Sunny Salty Woodmere Cemetery

7/24/14: Yesterday I was at Woodmere Cemetery near Fort St & Springwells. Two cemetery workers with shovels were trying to help me find the grave markers of my gr great grandparents. The markers are flat and if you don’t dig them up every summer they sink and disappear.

The workers were about 30ft way poking at the ground with the shovels. I was standing there trying to look too when I heard one of the strangest sounds I’ve ever heard while being jolted at the same time.

It was a very dry sound like rubbing two rocks together as hard as you can and then amplify it by 50. It had a bit of a stutter to it. A bang, A big vibration.

I looked up at the nice grave finder/grounds guys and said ‘What in the heck (I don’t like to say hell while standing on a grave) was that?’ ‘It’s the salt mines one guy said, ‘They are blowing things up’. Oh! That’s all? I thought. Humm. It scared the crap outta me. They pointed toward the fence line and said the entrance to the mine was just over there, meaning closer to the Rouge River.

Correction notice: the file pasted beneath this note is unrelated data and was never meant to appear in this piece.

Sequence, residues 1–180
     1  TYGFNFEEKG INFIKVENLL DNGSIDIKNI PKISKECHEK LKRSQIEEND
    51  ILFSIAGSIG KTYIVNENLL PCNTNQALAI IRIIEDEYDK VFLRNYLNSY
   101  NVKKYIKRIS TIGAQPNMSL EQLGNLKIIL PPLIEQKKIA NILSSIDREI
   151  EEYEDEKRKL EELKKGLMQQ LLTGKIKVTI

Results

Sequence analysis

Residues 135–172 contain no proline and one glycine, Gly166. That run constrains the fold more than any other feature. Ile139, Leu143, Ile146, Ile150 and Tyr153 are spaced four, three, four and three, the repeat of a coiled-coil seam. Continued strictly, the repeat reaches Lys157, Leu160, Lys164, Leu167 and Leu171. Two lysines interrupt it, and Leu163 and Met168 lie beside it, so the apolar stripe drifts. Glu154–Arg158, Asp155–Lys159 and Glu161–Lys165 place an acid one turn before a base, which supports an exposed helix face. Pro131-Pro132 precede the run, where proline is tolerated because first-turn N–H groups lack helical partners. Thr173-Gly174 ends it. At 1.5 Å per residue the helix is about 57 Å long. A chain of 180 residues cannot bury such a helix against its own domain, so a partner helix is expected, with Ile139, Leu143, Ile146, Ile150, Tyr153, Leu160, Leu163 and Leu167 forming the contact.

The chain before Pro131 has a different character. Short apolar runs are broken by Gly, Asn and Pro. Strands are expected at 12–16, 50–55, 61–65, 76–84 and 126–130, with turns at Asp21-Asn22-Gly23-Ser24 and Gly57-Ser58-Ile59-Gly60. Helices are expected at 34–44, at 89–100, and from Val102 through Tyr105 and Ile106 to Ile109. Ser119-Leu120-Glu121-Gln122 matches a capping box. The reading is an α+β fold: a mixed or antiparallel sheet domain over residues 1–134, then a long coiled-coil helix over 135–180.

They were referring to the famous salt mines under the city of Detroit. Huge cavernous tunnels that run for miles filled with nothing but salt. I believe it’s one of the biggest salt mines in the world. I knew about it but I had no idea my relatives were buried on top of them.

The Hispanic worker said, in a voice a bit like Cheech Marin, “Man, they wanted me to work down there. I told them no way I’m going down there man”. The other guy nodded in agreement.

I stood there and looked around. There are 190,000 graves in this cemetery. I wondered how many coffins had sunk so far they had made it into the salt mines. Isn’t salt a preservative?

I pictured my dead relatives walking the salt mines and the noise I heard was really a cry from Hell !!! Alcohol is also a preservative, and most of my relatives imbibed heavily, so throw in some salt and wha-la!!! Pickled ancestors! They are all doing Tequila shots, you know, with lemon and salt.

All of that was going on underground as I stood there and I looked up at the bluest of skies on a beautiful warm summer day. Ah reality!

I then had a discussion with the guys about being cremated and having my ashes flung into Lake Superior. They left me to pay my respects to the ancestors and I took pictures of the markers and the surroundings so I could find this spot again when I come back. Then I got into my Jeep and went home.

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